Performance-based funding (PBF), in which at least a small portion of state higher education appropriations are tied to outcomes, is a hot political topic in many states. According to the National Conference of State Legislatures and work by Janice Friedel and others, 22 states have PBF in place, seven more are transitioning to PBF, and ten more have discussed a switch.

The theory of PBF is simple: if colleges are incentivized to focus on improving student retention and graduation rates, they will redirect effort and funds from other areas to do so. PBF should work if two conditions hold:

(1) Colleges must currently be using their resources in ways that do not strongly correlate with student success, a point of contention with many institutions. If colleges are already operating in a way that maximizes student success, then PBF will not have an impact. PBF could also have negative effects if colleges end up using resources less effectively than they currently are.

(2) The expected funding tied to performance must be larger than the expected cost of changing institutional practices. Most state PBF systems currently tie small amounts of state appropriations to outcomes, which could result in the cost of making changes smaller than the benefits. Colleges also need to be convinced that PBF systems will be around for the long run instead of until the next governor ends the plan or state budget crises cut any funds for PBF. Otherwise, they may choose to wait out the current PBF system and not make any changes. Research by Kevin Dougherty and colleagues through the Community College Research Center highlights the unstable nature of many PBF systems.

For these reasons, the expected impacts of state PBF plans on student outcomes may not be positive. A recent WISCAPE policy brief by David Tandberg, an assistant professor at Florida State University, and Nicholas Hillman, an assistant professor at the University of Wisconsin-Madison, examines whether PBF plans appear to affect the number of associate’s and bachelor’s degrees awarded by institutions in affected states. Their primary findings are that although some states had significantly significant gains in degrees awarded (four at the four-year level and four at the two-year level), other states had significant declines (four at the four-year level and five at the two-year level). Moreover, PBF was most effective in inducing additional degree completions in states with long-running programs.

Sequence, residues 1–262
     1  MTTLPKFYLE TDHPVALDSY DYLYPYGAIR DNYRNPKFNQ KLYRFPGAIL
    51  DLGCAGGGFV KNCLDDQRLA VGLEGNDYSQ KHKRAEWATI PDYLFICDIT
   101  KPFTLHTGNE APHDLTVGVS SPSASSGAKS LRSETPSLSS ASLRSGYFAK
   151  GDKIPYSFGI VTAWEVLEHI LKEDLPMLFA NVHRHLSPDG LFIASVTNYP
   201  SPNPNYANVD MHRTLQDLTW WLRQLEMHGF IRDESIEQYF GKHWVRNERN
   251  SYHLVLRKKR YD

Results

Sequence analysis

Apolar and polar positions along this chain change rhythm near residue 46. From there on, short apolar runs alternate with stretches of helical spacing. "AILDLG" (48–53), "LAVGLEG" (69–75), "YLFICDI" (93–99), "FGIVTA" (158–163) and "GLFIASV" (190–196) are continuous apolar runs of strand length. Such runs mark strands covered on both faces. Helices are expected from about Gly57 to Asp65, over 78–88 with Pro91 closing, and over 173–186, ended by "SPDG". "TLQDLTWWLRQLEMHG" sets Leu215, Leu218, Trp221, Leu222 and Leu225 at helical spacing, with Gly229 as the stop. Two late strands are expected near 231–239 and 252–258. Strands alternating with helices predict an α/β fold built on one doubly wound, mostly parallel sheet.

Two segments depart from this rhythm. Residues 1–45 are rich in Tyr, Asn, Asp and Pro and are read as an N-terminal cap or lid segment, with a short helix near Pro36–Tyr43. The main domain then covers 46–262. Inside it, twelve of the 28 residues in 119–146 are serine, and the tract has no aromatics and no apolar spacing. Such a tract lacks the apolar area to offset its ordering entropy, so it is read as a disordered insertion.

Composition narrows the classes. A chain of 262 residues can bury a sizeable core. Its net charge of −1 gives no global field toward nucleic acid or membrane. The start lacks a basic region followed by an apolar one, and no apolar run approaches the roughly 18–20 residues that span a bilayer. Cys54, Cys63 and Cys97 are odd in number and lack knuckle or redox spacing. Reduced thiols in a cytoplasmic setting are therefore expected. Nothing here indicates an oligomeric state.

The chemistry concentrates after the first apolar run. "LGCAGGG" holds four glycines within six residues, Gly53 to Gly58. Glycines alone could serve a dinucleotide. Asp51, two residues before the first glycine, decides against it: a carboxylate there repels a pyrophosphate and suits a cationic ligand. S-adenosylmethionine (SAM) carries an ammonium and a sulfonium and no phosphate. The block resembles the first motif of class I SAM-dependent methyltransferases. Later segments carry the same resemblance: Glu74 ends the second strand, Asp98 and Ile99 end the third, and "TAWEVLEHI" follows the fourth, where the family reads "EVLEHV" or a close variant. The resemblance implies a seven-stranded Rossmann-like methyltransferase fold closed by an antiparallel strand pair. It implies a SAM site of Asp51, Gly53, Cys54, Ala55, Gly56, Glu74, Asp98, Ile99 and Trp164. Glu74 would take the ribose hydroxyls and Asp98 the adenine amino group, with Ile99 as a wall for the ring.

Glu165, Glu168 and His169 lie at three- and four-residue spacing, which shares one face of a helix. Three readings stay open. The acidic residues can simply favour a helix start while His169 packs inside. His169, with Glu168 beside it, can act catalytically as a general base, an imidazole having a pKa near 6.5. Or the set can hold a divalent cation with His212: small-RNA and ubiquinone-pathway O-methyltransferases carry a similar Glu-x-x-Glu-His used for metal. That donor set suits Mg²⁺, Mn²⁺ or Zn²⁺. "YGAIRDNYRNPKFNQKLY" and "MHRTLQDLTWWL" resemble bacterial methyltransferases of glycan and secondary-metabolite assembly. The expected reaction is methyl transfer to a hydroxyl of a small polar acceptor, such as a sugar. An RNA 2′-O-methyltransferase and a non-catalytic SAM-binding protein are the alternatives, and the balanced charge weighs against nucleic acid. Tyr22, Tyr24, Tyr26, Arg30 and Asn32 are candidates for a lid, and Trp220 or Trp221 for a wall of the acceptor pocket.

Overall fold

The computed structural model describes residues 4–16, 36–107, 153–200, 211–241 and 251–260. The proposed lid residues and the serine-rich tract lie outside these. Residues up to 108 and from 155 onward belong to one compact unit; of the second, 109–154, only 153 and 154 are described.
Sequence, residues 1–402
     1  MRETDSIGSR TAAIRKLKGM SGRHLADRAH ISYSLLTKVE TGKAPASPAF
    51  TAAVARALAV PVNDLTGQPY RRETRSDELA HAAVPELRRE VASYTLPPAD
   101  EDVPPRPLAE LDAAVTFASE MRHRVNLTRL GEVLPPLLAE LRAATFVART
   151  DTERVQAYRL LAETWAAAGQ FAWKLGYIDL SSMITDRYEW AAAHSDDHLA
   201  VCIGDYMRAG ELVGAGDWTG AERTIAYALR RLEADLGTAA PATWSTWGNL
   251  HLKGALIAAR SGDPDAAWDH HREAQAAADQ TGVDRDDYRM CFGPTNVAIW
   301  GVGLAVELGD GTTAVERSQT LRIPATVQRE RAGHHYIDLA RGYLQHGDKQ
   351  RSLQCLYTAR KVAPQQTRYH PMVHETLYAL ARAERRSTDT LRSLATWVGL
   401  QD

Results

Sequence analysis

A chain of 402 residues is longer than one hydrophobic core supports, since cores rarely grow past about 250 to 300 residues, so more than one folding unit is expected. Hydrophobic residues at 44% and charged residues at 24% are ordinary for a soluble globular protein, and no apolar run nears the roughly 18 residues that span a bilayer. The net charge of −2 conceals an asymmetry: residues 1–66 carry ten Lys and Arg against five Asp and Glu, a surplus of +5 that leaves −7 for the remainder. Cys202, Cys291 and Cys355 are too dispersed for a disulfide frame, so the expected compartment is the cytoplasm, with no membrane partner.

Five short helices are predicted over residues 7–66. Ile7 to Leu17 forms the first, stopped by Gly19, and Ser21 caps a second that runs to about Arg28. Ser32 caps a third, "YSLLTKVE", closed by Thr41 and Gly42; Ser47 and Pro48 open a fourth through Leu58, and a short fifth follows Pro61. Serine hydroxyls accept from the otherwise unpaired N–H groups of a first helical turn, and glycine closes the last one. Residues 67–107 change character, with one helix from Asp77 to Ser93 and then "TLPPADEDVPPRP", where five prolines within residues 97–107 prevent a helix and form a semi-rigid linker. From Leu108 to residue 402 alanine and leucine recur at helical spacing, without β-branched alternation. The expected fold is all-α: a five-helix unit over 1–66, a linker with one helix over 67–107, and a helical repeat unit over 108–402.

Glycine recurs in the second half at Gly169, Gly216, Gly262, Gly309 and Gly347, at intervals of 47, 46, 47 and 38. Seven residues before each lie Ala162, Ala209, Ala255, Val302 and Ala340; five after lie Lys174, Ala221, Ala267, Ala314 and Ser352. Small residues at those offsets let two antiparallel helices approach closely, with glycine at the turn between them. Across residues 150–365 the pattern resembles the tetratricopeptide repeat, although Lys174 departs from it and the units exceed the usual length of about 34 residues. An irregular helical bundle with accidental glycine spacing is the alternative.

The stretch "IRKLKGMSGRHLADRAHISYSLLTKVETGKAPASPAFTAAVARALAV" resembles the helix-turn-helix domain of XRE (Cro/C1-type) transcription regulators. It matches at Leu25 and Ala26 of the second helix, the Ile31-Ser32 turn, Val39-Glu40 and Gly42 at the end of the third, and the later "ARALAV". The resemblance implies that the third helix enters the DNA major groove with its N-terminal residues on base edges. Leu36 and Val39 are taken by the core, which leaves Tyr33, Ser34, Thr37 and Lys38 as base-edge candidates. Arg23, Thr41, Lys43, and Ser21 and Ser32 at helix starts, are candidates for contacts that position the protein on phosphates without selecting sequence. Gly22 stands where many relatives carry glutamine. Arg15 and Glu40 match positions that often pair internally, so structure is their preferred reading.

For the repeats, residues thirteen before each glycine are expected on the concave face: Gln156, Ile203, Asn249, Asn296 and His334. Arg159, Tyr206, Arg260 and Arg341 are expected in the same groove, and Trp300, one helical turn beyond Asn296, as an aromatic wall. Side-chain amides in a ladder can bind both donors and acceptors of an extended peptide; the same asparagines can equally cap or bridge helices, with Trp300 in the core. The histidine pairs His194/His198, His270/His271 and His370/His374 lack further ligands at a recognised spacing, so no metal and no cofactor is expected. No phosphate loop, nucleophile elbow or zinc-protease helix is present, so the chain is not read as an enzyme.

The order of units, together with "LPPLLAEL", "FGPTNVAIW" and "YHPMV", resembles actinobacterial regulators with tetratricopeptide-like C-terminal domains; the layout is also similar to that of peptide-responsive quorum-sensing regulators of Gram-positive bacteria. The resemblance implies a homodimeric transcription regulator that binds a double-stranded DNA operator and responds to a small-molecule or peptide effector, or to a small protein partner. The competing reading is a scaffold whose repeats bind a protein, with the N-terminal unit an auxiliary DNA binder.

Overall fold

The general consensus in the research community is that more work needs to be done to understand the effects of state performance-based funding policies on student outcomes. PBF policies differ considerably by state, and it is too early to evaluate the impact of policies on states that have recently adopted the systems.

For these reasons, I was particularly excited to read the Inside Higher Ed piece by Nancy Shulock and Martha Snyder entitled, “Don’t Dismiss Performance Funding,” in response to Tandberg and Hillman’s policy brief. Shulock and Snyder are well-known individuals in the policy community and work for groups with significant PBF experience. However, their one-sided look at the research and cavalier assumptions about the authors’ motives upset me to the point that writing this response became necessary.

First of all, ad hominem attacks about the motives of well-respected researchers should never be a part of a published piece, regardless of the audience. Shulock and Snyder’s reference to the authors’ “surprising lack of curiosity about their own findings” is both an unfair personal attack and untrue. Tandberg and Hillman not only talk about the eight states with some positive impacts, they also discuss the nine states with negative impacts and a larger number of states with no statistically significant effects. Yet Shulock and Snyder do not bother mentioning the states with negative effects in their piece.

Shulock and Snyder are quite willing to attack Tandberg and Hillman for a perceived lack of complexity in their statistical model, particularly regarding their lack of controls for “realism and complexities.” In the academic community, criticisms like this are usually followed up with suggestions on how to improve the model given available data. Yet they fail to do so.

It is also unusual to see a short policy brief like this receive such a great degree of criticism, particularly when the findings are null, the methodology is not under serious question, and the authors are assistant professors. As a new assistant professor myself, I hope that this sort of criticism does not deter untenured faculty and graduate students from pursuing research in policy-relevant fields.

I teach higher education finance to graduate students, and one of the topics this semester was performance-based funding and accountability policy. If Shulock and Snyder submitted their essay for my class, I would ask for a series of revisions before the end of the semester. They need to provide empirical evidence in support of their position and to accurately describe the work done by Tandberg and Hillman. They deserve to have their research fairly characterized in the public sphere.

[Cross-posted at Kelchen on Education]

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Robert Kelchen, a professor of education at the University of Tennessee, Knoxville, is data manager of the Washington Monthly college guide.